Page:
This Anouk ethnic apparel ad is yet another example of that momentum of social change. And it's not the only one though it's being incorrectly hailed as the first Indian "lesbian" ad. Hindustan Times wore its "openness" on its sleeve in an ad where a young man whacks his friend with a rolled up newspaper for staring at a gay couple and making fun of them. Vodafone tiptoed into gay territory in an ad which seemed to say it all with sideways glance. Fastrack had its own girl-on-girl ad with a shocking pink changing closet and described itself as "a window into the young progressive mindset of today's youth. A mindset that isn't bogged down or defeated by society's rules."
What is actually striking about these ads are the comment boards on Youtube. India's comment boards are hardly a bastion of civility. But by and large the tenor of these comments is "awesome". One commenter says about the Fastrack ad "3 intolerant homophobes disliking this" while another says "They should make a male version." The top comment on the HT ad reads "thanks some faith in media restored". In an age of "presstitutes" that's high compliment indeed.
These companies want to cash in on the coolness factor and in a way, the retrograde 377 verdict, allows them to appear even more cool. The fact is they do not risk that much. It's not like heterosexual women will wonder if an Anouk kurta makes them a little too lesbian. And there's little likelihood that the VHP or the All India Muslim Personal Law Board will launch a BoycottMyntra campaign for uploading the Anouk ad. They are too busy with Yoga Day, beef bans and defending 377 in court. And the internet is a virtual space which makes it safer for such experiments. Unlike a real gallery which can be vandalized and an artist beaten up as openly gay painter Balbir Krishnan found out in 2012.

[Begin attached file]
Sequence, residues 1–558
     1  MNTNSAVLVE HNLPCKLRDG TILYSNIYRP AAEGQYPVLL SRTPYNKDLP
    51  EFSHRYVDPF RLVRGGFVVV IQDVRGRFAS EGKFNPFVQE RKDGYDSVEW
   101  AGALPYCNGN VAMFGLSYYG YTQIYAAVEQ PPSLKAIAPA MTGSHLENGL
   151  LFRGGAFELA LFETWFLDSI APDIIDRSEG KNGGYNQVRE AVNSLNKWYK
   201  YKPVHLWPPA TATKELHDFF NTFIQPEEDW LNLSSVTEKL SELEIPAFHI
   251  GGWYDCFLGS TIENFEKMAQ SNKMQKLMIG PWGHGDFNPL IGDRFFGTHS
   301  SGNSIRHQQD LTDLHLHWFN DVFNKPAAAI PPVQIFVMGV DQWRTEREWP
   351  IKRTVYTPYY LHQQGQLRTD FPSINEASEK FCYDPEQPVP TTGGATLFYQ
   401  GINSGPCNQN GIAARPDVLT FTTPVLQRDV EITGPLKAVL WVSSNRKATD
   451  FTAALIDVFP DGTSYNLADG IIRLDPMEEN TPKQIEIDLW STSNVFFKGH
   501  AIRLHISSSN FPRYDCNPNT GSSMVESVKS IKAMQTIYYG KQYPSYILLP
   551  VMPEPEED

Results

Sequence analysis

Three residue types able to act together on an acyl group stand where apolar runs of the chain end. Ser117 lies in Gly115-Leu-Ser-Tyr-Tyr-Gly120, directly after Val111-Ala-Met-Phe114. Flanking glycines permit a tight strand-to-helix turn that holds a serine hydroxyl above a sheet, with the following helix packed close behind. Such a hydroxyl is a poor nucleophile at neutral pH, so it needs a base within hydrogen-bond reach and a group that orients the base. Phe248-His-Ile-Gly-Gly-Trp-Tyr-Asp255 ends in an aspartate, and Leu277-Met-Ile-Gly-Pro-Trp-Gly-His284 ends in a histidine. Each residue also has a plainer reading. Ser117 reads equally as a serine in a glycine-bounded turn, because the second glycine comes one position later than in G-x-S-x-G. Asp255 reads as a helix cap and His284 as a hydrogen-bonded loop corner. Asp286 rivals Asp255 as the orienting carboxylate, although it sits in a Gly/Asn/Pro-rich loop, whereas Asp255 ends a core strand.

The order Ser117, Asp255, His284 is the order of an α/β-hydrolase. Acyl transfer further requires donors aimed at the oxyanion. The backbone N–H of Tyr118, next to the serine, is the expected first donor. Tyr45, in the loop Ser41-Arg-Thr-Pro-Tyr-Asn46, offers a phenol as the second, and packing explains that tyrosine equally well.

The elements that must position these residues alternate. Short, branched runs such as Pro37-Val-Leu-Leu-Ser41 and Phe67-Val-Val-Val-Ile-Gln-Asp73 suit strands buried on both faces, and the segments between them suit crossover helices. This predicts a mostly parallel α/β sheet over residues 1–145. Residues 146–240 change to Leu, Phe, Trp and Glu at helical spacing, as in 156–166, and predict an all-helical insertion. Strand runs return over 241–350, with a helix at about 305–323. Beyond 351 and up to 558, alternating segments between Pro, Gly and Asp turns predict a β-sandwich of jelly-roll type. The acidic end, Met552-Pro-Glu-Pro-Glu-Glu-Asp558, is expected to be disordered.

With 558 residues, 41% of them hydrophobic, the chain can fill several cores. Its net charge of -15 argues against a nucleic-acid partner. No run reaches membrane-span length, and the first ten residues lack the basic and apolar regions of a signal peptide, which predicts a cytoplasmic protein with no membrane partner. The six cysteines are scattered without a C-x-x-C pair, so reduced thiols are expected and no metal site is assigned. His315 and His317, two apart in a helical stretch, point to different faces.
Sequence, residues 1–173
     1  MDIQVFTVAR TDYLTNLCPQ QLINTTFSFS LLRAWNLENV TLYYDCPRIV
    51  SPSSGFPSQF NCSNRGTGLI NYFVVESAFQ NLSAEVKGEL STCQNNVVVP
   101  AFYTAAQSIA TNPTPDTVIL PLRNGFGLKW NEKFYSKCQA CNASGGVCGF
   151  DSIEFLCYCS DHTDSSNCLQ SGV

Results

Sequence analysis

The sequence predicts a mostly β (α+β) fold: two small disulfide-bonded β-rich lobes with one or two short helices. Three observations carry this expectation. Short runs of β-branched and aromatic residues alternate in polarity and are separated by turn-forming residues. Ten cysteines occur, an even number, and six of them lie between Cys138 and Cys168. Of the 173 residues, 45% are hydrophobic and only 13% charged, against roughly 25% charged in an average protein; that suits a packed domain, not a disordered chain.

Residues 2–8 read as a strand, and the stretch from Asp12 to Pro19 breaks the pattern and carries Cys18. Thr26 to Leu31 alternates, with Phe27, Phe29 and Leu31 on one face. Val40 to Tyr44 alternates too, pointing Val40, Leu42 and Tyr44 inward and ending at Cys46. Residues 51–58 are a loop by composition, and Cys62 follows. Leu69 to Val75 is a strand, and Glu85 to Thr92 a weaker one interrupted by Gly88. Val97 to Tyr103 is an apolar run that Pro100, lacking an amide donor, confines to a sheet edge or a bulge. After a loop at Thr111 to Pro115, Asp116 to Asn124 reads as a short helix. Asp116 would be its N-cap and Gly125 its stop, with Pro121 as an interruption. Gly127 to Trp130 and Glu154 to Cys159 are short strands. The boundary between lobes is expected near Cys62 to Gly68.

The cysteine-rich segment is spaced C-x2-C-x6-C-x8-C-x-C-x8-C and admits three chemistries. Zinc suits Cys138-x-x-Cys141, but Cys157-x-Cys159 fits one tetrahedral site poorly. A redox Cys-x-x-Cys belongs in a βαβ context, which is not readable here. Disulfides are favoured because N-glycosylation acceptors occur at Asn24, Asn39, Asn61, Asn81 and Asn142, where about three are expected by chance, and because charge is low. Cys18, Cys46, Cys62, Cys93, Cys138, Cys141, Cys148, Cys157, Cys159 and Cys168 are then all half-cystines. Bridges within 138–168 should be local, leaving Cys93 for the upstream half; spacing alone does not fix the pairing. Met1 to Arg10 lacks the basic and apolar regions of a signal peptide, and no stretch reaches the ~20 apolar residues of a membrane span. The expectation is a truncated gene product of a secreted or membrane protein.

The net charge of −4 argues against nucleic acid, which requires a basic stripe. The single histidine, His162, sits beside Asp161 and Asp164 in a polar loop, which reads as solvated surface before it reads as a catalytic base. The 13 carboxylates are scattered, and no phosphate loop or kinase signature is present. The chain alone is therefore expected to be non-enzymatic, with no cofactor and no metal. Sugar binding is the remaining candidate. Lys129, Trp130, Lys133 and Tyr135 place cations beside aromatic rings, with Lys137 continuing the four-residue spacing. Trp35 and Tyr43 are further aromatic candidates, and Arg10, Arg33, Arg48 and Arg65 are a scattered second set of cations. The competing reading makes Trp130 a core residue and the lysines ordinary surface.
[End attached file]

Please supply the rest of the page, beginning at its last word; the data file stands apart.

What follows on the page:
A company like Anouk deserves all the credit for making an ad like The Visit. Hopefully some version of this will show up on television where its reach will be far wider and its impact far greater. But the real test of courage for corporates remains elsewhere. Will these companies also show the same openness when it comes to their own HR polices? When it comes to non-discrimination among their employees? When it comes to partner benefits? Or at that point will a company point to Section 377, plead helplessness, and put all this "Bold is Beautiful" rhetoric into cold storage?
There is no magic formula for social change. Sometimes it's led by the courts. The US courts dragged the American South kicking and screaming into desegregation. That was a time where the courts were ahead of much of society. By the time those same courts struck down sodomy laws, society had moved way ahead of the law. No one batted an eyelid. Now the opposition to same-sex marriage in the US is declining steadily. That same tango between society and the law is happening in India. Sometimes one leads and sometimes the other.
And if there's anything we should read into the Anouk ad it's this - that just because the court is out of step right now, it does not mean the society won't keep dancing ahead - one ad, one book, one crowdfunded film festival at a time.
Some day inevitably the father-figures of the court too will catch up. And then like the young woman in the Anouk ad, society will say "Papa, you've reached? We'll just come down."
Another version of this blog appeared originally on Firstpost.com.